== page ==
A couple of years ago I spent a lot of time thinking about how to become less fearful and more serene. I stopped mentioning it not because I have been successful but because it seems like such a life long project that to write continually about it would become tedious for the reader. But the idea is ever present in my mind and has caused me to think critically about how I am feeling at any given moment.
My great conclusion is that we humans operate from a place of fear more often than we are even aware of. I really think that so much of our emotion and reaction is fear-based and that much of the time we aren't even aware of the fearfulness that lies underneath. I find dealing with a root cause to be so much more effective than trying to change the surface problem.
What has really brought this to mind this past week has been my ongoing attachment with H. I have mentioned before how it does not come easily or naturally, and possibly the most frustrating part of it is that she is a loving and sweet girl and it would seem that there is no cause for my attachment problems. It is frustrating to have no definite cause on top of everything else. And I talk with a lot of adoptive parents, this is not unusual, but seems to be fairly common. (So if you are reading this and I have discussed these things with you, rest assured that I have had nearly the exact same conversation with others as well.) But as I think about what is going on, I have come to a conclusion, my difficulty (and here I'm speaking for myself, though it may be useful for others) really has fear at the root of it.
What started me down this path was to start to analyse the different ways I think about each of my children. Some of those children I became immediately attached to when they were born, others the attachment grew over time, but for all of them I see them through the lens of love and am able to overlook their sometimes odd and potentially annoying quirks. Because I love them, those quirks, which I realized could be truly annoying to an outsider, are just those little things that make each child unique and that I find just a little bit charming. I am not afraid of those quirks because most of them are because they are young and I know that they will not grow up and still act like a very young child. I can overlook the quirks because I am not afraid of them.
And then I thought about H. She, too, has a lot of quirks. Many of them are due to learning a new language and changing cultures and learning to live in a family. Many others of them are due to being developmentally behind where most 10 year olds are. There are many quirks. And my great revelation was that, whether I acknowledged it or not, I was actually afraid of all the quirks that she exhibits. Afraid that she would have them all her life. Afraid that she would never really adjust to her new environment. Afraid that life was never going to change. Afraid. Afraid. Afraid.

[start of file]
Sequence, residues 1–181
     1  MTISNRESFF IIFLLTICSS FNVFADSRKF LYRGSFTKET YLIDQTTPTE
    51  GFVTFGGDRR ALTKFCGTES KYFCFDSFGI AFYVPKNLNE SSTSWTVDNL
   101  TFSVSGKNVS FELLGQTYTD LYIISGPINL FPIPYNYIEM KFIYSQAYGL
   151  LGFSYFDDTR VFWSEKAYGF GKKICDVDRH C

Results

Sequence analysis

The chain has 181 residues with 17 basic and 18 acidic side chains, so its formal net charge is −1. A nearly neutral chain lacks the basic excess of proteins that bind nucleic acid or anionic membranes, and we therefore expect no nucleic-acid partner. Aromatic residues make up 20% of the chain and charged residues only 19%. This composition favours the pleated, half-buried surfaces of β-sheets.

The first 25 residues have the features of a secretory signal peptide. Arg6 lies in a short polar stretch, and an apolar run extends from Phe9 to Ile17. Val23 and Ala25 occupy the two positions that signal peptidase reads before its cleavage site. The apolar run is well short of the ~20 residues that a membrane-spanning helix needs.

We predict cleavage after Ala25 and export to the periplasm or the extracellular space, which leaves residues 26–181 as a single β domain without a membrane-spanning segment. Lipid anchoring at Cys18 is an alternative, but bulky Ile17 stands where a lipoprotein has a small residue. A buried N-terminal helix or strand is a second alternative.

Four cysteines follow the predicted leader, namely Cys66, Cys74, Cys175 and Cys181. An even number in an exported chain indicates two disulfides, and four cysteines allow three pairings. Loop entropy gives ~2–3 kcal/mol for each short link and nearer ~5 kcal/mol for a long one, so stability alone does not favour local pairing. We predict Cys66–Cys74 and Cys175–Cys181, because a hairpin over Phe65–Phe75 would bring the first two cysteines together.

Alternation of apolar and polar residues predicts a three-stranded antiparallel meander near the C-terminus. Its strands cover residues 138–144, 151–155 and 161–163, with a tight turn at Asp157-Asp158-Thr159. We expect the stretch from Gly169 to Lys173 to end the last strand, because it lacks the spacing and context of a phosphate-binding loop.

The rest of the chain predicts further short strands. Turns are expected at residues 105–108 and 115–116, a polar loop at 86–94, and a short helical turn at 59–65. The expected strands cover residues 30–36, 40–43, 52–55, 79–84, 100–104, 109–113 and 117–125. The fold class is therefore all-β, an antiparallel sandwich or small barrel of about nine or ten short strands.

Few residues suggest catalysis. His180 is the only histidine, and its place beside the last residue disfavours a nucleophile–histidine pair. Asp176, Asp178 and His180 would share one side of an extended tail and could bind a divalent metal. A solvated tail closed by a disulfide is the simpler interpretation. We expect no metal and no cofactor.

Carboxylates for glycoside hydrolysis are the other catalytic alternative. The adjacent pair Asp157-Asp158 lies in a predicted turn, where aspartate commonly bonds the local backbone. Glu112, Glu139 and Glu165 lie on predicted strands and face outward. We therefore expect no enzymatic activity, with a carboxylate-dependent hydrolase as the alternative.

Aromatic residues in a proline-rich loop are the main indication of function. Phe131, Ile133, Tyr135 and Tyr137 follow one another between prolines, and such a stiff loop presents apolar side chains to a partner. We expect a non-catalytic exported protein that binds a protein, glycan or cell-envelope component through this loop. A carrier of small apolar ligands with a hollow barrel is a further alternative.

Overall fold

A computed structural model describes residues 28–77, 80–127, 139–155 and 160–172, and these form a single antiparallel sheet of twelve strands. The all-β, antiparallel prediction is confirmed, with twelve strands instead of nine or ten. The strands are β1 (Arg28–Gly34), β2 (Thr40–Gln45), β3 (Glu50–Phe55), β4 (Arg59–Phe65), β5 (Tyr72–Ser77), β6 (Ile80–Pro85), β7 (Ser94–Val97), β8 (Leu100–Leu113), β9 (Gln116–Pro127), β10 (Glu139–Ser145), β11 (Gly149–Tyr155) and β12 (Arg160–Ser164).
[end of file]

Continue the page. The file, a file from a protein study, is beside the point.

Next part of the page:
When you are reacting from fear, it does some odd things. Because the behavior you are seeing is causing you fear, the behavior is what you fixate on. It becomes a greater problem than it really is. What we are afraid of, we fixate on. We either spend all of our time thinking about it or spend all of our time avoiding it. Either way, it takes all of our energy. When you are spending all of your energy dealing with fear about a child, it is very difficult to focus on the actual child.
To pinpoint what was actually going on was actually a relief. I have always been disturbed by why I felt as I did without having a real reason behind it. Being able to name my fears has helped me to set them aside. And I have to say that the past week has been incredibly pleasant, but yet nothing about H. has changed. I have, though. I realize that I was reacting to behavior way above what was called for because I wasn't just seeing the behavior, but seeing the behavior in terms of forever. Instead of seeing an endearing quirk that would probably pass, I was seeing something set and permanent. Fear was truly making mountains out of mole hills. (It often does.) I know we still have a ways to go, but this has been a big change for me and one that I can already feel is making a huge difference in my emotional feelings for my child.
Fear is something that has always been a constant issue for me, and I know it won't be going away anytime soon. But this is why everyone needs to read the Winnie-the-Pooh books. It was Winnie-the-Pooh who helped me take my first step toward managing it. Piglet is a very timid little character and is constantly worrying about what might happen. He expresses a particular worry to Pooh, who then asks very matter-of-factly, "But what if it doesn't?"
As parents we often spend an awful lot of time worrying and being fearful about so many things that could possibly happen or not happen to our children. I think we all need to take a page from Winnie-the-Pooh and ask ourselves, "But what if it doesn't?" Do we want to spent far too long being fearful about what will never happen or do we want to enjoy our children right now?
"Do no fear for I am with you, do not be afraid for I am your God. I will strengthen you and help you, I will uphold you with my righteous right hand." Isaiah 41:10